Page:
Gasoline Prices

The price of gasoline is rising rapidly while Republicans in power, so we hear Democrats attacking. What could bring down the price of gasoline?

A rapid decrease in gasoline consumption, because supplies are inelastic, would lead to decrease in prices. Oops, forget that option. A rapid decrease in tensions with Iran and decrease in hostilities in Iraq and more confidence that the government and the people in various oil supplying countries will find a way to get along. Not on the table for the immediate future.

Prices may come down after the MTBE/ethanol transition occurs. While gasoline refineries need to produce different blends for winter and summer, cold, cool, and hot areas, as well as meet pollution standards, perhaps the US could get by with fewer blends, fewer “boutique” refineries. But while boutique refineries increase costs somewhat, fixing this problem would not bring fuel prices down to a level that US consumers consider normal.

Lowering taxes won’t have much effect today, as the supply is inelastic relative to demand, so price tinkering doesn’t affect the prices. This means that if we added a large tax on fuels today, prices would not change much, what would change is the amount of each $ going to OPEC. The only solutions are to increase supply, or reduce demand or both. (Drilling in the Arctic National Wildlife Refuge is not such an important part of the solution that we should focus on it.)

The high price of gasoline and oil in general has several disadvantages, including funding unstable governments, and state funded terrorism. Iran’s threats to lower oil production interfere with the world’s ability to persuade Iran to abide by the non-proliferation treaty it signed.

For the average person though, the main disadvantage is uncertainty. Americans use their cars for more than a decade. Cars now on the street were bought in anticipation of low fuel costs over the life of the car. The rules have changed, and people now have to guess what the future rules will be.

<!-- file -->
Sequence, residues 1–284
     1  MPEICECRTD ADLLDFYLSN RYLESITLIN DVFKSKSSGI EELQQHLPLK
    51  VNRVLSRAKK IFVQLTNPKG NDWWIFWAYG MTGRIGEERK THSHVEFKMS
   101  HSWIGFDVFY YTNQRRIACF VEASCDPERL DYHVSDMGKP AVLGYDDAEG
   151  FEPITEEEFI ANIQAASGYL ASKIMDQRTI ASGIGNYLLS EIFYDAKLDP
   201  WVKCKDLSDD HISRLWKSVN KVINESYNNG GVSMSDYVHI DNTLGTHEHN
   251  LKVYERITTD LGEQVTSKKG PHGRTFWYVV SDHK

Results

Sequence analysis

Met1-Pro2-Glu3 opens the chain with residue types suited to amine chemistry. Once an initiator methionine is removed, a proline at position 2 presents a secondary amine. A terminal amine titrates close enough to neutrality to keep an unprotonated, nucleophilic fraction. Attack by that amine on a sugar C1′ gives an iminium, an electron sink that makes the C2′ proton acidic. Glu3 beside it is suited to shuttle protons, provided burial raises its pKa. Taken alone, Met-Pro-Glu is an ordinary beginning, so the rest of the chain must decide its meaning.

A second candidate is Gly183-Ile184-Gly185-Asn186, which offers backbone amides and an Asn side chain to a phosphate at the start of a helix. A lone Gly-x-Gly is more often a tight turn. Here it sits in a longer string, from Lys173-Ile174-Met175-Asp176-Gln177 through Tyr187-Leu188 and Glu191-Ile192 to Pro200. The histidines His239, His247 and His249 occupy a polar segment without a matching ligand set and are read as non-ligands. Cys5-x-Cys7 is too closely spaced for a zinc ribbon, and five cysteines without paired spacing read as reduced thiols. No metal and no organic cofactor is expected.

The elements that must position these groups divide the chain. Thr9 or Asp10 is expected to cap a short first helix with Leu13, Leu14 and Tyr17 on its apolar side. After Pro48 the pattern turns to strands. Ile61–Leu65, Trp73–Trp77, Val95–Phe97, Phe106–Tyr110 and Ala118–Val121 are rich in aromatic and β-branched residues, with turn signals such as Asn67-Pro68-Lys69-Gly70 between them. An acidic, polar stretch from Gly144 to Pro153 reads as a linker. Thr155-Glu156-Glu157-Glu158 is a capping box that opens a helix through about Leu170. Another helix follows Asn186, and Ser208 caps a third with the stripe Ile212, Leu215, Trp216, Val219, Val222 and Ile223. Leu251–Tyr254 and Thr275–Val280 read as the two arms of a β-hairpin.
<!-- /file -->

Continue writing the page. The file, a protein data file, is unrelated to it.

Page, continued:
However, if we could guarantee that prices would continue high, there would be a transition period, but we could adjust. We have to tax something — incomes earned or not, property, sales. We could phase in a high fuel tax, similar to European levels, over a decade or so. Then increases in fuel prices would not be so rocky. And really, there are too many dynamics coming together, some related, that prevent us from assuring prices stay low.

Some of the fuel tax could fund research on lowering energy costs (higher efficiency), or lower carbon energy (which will lower acclimation to climate change costs). Some could be diverted to creating better mass transit. Some could be used to pay earned income credit to the poor, who can’t adjust as easily to a more expensive world. (An enormous amount of economic analysis has concluded that giving people money and letting them spend it is much more efficient and cheaper than finding some way to address specific expenses. If I’m wrong, please advise!)

Some of the fuel tax could reduce the inevitable future tax increases on income.

These ideas are politically unpopular. However, the idea that we can “do something” about fuel prices in the short term is unrealistic. In the long term, increasing fuel efficiency a lot, creating alternative fuels from waste, plant residue, and specially grown crops, and decreasing driving and flying through bus, light rail, and train alternatives — all of the solutions we can come up with will only slow the inevitable increase in fuel prices. There are too many of us, and most of us want to increase our individual consumption.